Mark Erickson, Extraction’s chief executive, said $45 oil has proven to be a sweet spot for the company, and any improvement in price just means stronger returns and more activity are on the way.

    “We’re looking at this just being a very high-growth year,” he said.

    Attached Files
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    GE Misses Revenue Estimates, Weighed Down by Slump in Oil Market

    General Electric Co. reported fourth-quarter sales below analysts’ estimates as the persistent slump in the oil market weighed on sales of industrial equipment.

    “Revenue clearly was a bit light. Their cash flow was a bit light,” Nicholas Heymann, an analyst with William Blair & Co., said by telephone. “I don’t see any signs of big problems, but it was a grind quarter.”

    GE is looking to regain momentum after a sluggish economy constrained growth in 2016 and pressured the company’s efforts to sharpen its focus on machinery such as gas turbines and jet engines. Chief Executive Officer Jeffrey Immelt is building a software business to complement the manufacturing operations while pursuing major deals, such as combining GE’s oil division with Baker Hughes Inc.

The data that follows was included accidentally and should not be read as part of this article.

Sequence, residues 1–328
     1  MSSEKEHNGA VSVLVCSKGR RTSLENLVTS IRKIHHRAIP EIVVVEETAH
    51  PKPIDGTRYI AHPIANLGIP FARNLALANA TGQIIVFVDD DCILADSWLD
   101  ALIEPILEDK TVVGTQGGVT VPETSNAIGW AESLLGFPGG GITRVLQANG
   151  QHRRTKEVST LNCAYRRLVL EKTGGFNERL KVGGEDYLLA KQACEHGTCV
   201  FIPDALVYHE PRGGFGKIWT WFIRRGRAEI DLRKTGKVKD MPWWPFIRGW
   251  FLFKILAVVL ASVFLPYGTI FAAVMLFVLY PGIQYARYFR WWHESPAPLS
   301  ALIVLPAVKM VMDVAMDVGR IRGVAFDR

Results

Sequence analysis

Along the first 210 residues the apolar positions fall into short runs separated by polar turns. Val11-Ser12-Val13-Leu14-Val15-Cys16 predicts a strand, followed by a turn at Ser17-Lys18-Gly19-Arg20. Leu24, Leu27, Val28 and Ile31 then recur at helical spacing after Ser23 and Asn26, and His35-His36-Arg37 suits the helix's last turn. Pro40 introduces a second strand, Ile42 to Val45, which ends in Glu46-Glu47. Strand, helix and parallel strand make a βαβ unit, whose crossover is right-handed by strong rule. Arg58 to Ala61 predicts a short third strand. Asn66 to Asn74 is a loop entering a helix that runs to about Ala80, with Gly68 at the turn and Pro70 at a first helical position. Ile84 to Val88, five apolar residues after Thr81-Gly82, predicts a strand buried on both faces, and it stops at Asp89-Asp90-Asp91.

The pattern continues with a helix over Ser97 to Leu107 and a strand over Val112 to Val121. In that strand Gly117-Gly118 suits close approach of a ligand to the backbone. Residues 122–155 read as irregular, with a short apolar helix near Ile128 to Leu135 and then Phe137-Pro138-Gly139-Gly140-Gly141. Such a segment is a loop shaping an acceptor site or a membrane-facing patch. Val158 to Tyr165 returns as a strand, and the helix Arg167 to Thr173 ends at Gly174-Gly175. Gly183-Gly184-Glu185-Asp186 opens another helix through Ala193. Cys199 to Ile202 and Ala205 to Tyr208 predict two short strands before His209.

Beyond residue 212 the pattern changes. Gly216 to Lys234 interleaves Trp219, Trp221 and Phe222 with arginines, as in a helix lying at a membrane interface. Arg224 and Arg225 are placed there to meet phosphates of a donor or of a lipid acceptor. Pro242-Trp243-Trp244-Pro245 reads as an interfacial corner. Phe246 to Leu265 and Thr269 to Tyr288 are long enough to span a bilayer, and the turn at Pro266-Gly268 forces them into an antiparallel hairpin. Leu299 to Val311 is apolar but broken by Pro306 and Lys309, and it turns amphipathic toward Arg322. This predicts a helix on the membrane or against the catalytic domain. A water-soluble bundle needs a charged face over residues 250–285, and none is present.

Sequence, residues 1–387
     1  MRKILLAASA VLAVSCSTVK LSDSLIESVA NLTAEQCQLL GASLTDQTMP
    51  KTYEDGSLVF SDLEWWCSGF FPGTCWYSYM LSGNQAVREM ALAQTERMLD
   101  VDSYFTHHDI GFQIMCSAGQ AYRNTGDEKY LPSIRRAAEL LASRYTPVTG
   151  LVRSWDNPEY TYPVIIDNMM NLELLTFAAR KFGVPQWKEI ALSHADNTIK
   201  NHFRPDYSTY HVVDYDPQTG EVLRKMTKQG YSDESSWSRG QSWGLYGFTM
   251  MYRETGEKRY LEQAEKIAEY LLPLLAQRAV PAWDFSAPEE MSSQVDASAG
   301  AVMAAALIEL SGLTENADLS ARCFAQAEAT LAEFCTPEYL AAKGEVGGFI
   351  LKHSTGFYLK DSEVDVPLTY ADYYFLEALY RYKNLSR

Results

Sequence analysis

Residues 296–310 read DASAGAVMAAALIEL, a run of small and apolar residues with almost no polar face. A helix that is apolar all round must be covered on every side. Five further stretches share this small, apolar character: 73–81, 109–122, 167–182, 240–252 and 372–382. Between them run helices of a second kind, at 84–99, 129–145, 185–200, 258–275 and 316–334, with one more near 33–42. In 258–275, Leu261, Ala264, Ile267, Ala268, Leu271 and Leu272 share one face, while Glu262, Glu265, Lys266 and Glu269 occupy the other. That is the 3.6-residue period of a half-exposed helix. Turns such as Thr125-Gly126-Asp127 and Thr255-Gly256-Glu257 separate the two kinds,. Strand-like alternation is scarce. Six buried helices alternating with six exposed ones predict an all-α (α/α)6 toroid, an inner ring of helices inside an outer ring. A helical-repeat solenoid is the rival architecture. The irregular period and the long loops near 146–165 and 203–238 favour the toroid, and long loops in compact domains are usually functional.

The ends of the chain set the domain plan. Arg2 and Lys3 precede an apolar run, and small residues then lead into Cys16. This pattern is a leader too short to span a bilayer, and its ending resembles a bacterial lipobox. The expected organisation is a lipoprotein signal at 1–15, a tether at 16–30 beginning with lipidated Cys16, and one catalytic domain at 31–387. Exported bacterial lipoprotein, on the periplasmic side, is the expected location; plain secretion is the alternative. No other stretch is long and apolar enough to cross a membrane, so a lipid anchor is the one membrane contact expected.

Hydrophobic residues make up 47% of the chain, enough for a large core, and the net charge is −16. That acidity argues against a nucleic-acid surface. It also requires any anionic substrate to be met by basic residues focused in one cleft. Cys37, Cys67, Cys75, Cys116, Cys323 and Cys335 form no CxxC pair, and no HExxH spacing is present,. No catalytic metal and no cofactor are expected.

Revenue fell 2.4 percent to $33.1 billion, the Boston-based company said in a statement Friday. That was below the $33.9 billion predicted by analysts, according to the average of estimates compiled by Bloomberg.

    While GE said it is “optimistic” about the U.S. economy, it cited a “slow-growth and volatile environment” in the fourth quarter, according to slides accompanying the release.

    The shares declined 1 percent to $30.90 at 7:21 a.m. in New York before regular trading. GE gained 9.5 percent in the 12 months through Thursday, compared with a 20 percent advance for the Standard & Poor’s 500 Index.

    Adjusted earnings fell to 46 cents a share, matching analysts’ estimates. Orders rose 4.3 percent in the quarter, but declined slightly on an organic basis.

    Sales Breakdown

    Revenue climbed 20 percent in the power division, which is seeing higher shipments of a new gas turbine. GE Aviation, which is boosting production of a new jet engine, posted a 6.7 percent increase.